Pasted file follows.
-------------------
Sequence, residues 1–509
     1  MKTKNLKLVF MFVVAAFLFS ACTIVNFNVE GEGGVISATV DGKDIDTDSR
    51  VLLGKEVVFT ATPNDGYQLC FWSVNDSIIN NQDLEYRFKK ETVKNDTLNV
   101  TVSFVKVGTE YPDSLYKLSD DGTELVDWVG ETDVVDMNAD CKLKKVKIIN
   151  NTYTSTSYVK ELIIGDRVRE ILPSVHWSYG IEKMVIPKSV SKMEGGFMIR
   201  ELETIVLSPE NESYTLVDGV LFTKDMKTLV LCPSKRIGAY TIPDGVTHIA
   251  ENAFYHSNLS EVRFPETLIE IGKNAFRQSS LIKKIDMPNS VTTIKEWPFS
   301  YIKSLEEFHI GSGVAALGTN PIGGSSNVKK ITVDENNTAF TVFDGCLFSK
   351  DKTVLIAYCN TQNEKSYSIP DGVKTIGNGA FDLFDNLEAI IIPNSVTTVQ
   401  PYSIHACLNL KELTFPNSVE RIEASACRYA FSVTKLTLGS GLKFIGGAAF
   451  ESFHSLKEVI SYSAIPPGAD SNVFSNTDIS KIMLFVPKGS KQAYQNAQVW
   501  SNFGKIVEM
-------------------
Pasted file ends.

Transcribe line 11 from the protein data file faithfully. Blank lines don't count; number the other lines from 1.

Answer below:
   451  ESFHSLKEVI SYSAIPPGAD SNVFSNTDIS KIMLFVPKGS KQAYQNAQVW